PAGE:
Review: Can't Stand Up For Falling Down

Can't Stand Up For Falling Down

Corpus Playroom, Tues 19th Feb- Sat 23rd Feb, 7pm

Three apparently separate but ultimately intertwined monologues form the basis of Marjam Idriss' production of Richard Cameron's Can't Stand Up For Falling Down. Lynette (Lili Thomas), Jodie (Chloe France) and Ruby (Jesse Haughton-Shaw) are all young women in a small Yorkshire town whose lives cross paths with that of a brutal bully named Royce. It is their encounters with him that spur the narratives, yet he never actually appears on stage, ensuring that the play is centred on the women who might otherwise remain peripheral. This sense of focus is intensified by the staging: a spotlight shines on each character as she tells fragments of her story, while the other two actors remain present but silent and still, as mute witnesses.

The actors handle the swift shifts between monologues well and France proves particularly adept at building her speeches up to a climax, which is then delayed as one of the other girls takes over. As the play switches from narrating the past to the present day, she does well to display a distinctly more mature Jodie, moving on from the excitable and frightened ten-year-old girl she portrayed in the first half.

Thomas also deserves a particular mention for her transformation. In the opening monologue, in which she prays for an ambulance approaching her house not to be for her mother, she plays Lynette as a wild-eyed, intense girl with an ethereal quality to her, but after her character's marriage her face visibly tightens and the dreaminess is only sometimes visible beneath the guarded, stony surface. Her story is the one that has the most impact, not because it is the most shocking, but because Thomas has perfected a careful balance of fragility and defiance, which resonates with the message of the play as a whole.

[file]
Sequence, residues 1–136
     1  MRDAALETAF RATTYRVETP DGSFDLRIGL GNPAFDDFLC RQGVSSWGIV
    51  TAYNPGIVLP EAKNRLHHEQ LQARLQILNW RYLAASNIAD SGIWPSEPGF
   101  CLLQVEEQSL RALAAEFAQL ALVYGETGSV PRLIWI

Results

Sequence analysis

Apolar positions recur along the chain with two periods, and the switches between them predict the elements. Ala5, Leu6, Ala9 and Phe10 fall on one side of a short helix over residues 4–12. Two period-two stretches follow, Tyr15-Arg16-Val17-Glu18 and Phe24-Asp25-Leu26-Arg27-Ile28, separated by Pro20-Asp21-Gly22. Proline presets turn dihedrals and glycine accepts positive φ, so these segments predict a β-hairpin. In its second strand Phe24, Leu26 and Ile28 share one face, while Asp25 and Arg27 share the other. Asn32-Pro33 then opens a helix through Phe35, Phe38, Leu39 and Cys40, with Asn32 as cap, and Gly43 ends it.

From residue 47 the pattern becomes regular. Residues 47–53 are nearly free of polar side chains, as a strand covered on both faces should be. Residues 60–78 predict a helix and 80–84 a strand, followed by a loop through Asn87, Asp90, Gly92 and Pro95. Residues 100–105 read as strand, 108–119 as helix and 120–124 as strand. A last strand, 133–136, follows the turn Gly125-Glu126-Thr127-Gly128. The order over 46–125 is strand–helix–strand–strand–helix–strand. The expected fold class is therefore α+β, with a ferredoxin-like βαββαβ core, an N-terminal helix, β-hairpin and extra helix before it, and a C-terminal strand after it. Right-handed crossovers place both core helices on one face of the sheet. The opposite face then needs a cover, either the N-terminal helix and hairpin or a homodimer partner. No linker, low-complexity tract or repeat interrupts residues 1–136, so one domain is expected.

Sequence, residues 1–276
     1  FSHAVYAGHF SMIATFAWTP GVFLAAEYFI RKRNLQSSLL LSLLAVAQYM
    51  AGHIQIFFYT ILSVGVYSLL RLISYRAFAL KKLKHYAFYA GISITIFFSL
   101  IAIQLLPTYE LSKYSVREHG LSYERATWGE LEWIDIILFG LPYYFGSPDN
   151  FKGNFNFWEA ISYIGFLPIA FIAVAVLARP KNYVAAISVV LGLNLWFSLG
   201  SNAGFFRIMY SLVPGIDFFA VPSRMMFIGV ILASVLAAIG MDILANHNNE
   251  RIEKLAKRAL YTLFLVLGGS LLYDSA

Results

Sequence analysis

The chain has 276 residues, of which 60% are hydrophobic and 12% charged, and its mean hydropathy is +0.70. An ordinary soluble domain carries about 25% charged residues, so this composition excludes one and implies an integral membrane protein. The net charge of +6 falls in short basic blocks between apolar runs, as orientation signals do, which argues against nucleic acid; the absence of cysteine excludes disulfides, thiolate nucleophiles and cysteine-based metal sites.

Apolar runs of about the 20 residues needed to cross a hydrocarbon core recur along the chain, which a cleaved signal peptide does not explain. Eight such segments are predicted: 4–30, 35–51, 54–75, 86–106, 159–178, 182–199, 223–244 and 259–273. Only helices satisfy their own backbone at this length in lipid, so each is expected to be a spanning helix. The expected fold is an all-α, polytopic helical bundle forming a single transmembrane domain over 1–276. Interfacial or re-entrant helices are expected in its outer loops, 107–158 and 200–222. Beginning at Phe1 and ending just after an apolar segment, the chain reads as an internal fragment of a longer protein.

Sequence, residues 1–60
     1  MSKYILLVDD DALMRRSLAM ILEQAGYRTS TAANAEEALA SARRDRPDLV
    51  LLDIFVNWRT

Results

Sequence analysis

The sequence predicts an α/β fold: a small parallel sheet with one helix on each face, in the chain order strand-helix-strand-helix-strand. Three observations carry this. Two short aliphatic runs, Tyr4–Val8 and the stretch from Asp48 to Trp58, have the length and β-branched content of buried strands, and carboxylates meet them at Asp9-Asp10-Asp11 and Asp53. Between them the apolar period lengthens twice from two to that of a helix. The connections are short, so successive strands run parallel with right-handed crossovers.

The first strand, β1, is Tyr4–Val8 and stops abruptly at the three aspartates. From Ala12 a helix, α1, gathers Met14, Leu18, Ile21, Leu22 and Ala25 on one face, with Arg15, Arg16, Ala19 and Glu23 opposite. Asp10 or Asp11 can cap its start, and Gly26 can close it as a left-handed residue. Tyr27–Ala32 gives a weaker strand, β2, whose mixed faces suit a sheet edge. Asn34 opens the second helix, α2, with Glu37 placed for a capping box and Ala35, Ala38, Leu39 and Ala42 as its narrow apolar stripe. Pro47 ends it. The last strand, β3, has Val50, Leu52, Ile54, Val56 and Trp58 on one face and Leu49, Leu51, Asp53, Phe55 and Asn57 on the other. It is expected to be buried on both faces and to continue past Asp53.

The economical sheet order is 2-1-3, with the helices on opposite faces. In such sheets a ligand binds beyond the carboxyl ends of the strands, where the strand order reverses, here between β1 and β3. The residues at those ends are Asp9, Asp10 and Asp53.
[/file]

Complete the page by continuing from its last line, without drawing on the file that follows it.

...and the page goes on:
The set, comprised of household objects, even the proverbial kitchen sink, dangling from wires in the background, is another constant reminder that these women are oppressed and have no choice but to make the best of what they are given. The main challenge of staging this play lies in being able to draw out the righteous resentment of the characters to such a degree that the ending seems to be both believable and to lie in a moral grey area. In this it succeeded.

Despite strong performances from all three actors, there were a few moments when the pace lagged and the audience was not gripped in the way it needed to be in a production so reliant on words. This was often due to the actors not taking full advantage of the opportunities offered by the script. For instance, although the play is very far from comic, there were scenes such as Jodie's pub trip with work colleagues, or her description of her exact relationship with a boy (hand holding and only one kiss) when a slight change in tone would not have gone amiss and could have served to make the tragedy all the more poignant by comparison.

As it was, in the middle section the overload of intense emotion made some of the more sentimental sections of Ruby's monologue feel a little vapid and less compelling than the rest of the play. Overall though, it was brilliant to see three strong actors work in conjunction to produce a disturbingly realistic tale of domestic violence and female desperation.

Suzanne Duffy

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